Russian opera singer persecuted in Germany for Germanic rune tattoos.
The media is lying about Yevgeny Nikitin’s tattoos. Reports that he has multiple “Nazi” tattoos is false. Nikitin once had a swastika, but had it covered up about discovering how much controversy it caused. The other two “Nazi tattoos” are symbols that were never used as official Nazi party logos.
The 38-year-old, who was to have taken the title role in a brand-new production of “The Flying Dutchman” at the month-long summer music festival dedicated exclusively to the works of Richard Wagner, said he had not been aware of the Nazi associations of the tattoos.
“It was not clear to me that the symbols that I have tattooed on my chest could have any connotations or even by used by Nazis and neo-Nazis,” he wrote in an email to the Sunday newspaper Bild am Sonntag.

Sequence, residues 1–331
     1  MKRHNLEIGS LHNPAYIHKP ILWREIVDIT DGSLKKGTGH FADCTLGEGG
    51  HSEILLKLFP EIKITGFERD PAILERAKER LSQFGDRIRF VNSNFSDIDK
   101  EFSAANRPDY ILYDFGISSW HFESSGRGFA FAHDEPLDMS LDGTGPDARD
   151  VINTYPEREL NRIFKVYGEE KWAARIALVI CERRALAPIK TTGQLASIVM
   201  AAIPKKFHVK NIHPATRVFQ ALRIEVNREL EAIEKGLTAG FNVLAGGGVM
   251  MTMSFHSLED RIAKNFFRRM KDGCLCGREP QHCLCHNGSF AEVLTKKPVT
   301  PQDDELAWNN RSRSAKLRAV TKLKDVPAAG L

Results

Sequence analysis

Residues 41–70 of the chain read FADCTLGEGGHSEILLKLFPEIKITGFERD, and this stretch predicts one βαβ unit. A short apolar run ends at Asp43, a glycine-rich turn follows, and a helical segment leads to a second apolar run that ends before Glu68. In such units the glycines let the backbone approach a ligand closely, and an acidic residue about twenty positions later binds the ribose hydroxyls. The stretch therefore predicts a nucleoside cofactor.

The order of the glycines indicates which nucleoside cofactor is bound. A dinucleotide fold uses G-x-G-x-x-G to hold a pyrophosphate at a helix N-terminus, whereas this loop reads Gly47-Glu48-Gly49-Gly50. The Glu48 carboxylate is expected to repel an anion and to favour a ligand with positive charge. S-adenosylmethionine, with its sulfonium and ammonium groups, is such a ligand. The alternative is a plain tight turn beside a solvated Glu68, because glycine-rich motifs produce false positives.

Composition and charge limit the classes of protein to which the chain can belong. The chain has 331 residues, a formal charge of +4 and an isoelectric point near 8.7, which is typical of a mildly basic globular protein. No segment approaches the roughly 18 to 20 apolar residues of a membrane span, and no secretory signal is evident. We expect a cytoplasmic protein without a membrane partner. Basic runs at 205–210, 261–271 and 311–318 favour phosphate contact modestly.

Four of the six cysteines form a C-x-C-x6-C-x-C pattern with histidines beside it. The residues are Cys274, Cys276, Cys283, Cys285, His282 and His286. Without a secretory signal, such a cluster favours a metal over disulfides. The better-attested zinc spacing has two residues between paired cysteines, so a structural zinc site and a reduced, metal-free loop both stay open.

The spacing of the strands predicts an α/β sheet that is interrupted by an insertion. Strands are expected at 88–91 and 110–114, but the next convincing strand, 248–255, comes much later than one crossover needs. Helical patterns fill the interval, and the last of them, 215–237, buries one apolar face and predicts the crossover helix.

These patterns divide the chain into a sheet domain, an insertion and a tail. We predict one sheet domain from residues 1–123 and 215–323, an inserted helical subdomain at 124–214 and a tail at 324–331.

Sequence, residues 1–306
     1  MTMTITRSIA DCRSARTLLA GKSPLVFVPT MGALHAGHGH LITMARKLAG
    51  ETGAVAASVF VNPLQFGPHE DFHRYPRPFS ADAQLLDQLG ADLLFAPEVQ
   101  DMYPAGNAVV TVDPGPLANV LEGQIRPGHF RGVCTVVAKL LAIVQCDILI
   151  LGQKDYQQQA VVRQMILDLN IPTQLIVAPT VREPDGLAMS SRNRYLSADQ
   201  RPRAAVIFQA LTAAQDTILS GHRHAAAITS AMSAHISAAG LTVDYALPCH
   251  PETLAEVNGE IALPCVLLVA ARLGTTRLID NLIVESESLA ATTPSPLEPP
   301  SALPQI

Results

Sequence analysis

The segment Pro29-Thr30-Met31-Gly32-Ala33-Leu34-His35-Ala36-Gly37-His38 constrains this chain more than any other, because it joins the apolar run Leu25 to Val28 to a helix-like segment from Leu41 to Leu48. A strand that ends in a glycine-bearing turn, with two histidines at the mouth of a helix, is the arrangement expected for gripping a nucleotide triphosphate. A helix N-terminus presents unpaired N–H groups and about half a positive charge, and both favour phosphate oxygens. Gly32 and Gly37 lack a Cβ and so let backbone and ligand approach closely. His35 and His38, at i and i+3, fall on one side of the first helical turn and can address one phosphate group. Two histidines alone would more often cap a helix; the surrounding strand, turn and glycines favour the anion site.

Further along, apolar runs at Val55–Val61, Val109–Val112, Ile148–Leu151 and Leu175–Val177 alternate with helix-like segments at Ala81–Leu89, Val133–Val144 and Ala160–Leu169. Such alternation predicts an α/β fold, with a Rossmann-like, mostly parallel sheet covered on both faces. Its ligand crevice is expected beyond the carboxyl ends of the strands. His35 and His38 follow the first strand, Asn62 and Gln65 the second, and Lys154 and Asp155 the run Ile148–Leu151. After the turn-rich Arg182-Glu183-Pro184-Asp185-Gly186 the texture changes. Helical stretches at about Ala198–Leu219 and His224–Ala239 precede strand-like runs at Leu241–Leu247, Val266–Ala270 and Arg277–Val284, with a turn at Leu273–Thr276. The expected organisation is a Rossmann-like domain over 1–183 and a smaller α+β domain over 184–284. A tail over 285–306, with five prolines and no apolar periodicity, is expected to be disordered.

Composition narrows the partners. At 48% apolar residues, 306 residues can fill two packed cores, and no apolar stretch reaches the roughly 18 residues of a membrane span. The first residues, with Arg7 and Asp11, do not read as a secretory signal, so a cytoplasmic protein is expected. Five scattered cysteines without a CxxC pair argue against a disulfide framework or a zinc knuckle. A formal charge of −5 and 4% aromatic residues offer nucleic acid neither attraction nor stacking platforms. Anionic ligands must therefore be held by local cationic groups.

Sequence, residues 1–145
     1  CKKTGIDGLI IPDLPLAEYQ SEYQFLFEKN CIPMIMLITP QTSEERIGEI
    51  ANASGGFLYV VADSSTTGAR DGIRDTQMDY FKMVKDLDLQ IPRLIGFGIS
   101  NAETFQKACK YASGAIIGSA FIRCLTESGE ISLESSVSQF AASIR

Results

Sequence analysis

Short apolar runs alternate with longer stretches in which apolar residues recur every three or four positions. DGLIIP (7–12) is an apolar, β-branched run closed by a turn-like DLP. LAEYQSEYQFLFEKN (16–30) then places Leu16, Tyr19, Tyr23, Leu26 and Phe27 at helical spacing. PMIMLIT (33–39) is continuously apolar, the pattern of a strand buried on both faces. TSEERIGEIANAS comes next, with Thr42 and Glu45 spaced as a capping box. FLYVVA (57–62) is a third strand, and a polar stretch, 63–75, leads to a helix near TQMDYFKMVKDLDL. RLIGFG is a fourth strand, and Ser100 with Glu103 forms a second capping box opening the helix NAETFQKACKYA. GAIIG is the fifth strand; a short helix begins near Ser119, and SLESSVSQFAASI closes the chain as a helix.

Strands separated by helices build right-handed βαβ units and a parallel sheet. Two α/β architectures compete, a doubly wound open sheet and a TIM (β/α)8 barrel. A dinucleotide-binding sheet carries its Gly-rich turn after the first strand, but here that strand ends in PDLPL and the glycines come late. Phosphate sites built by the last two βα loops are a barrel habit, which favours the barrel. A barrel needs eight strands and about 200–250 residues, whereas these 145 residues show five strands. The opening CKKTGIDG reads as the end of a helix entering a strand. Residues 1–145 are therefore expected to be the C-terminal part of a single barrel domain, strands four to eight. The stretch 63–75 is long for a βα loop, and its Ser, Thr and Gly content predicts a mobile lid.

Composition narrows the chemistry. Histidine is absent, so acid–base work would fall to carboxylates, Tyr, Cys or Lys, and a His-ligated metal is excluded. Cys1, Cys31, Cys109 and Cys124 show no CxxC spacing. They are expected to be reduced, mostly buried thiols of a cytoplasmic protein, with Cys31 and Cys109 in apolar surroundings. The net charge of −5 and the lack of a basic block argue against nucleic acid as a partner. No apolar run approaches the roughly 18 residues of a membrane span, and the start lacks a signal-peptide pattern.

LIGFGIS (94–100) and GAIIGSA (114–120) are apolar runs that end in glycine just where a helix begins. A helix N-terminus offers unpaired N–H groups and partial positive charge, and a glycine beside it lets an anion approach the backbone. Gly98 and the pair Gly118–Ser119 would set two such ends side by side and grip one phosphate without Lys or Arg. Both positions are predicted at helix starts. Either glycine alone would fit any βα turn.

The bass-baritone said he had them done in Russia in 1989, 1990 and 1991 and chose the symbols from books about Nordic mythology and the tattoo parlour’s catalogue.
“The symbols have absolutely no political significance for me, but a spiritual one. I was never a member of a political party and am still not today,” Nikitin wrote.The singer plunged the legendary Bayreuth Festival into turmoil on Saturday by quitting just days before the curtain is set to go up on the new production on the festival’s opening night on Wednesday.
The appearance of an artist connected in any way with Nazism would have been an embarrassment for Germany’s political and social elite who traditionally attend the glitzy opening gala.
Related: Lithuanians reclaim Swastika as a cultural symbol.